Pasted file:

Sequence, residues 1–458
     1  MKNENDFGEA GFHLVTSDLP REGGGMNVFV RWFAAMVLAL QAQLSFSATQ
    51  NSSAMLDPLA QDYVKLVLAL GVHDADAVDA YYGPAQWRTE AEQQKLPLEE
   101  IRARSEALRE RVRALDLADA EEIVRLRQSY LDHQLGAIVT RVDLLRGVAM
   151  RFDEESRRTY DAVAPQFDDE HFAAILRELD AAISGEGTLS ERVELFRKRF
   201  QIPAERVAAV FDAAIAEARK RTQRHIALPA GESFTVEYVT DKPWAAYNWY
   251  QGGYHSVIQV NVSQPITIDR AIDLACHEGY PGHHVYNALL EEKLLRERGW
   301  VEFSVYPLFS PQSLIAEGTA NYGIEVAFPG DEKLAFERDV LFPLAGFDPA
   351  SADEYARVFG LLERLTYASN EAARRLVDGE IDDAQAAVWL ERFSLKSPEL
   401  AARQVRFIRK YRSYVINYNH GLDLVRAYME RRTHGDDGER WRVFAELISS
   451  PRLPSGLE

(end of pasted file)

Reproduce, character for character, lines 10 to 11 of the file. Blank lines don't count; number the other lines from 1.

   401  AARQVRFIRK YRSYVINYNH GLDLVRAYME RRTHGDDGER WRVFAELISS
   451  PRLPSGLE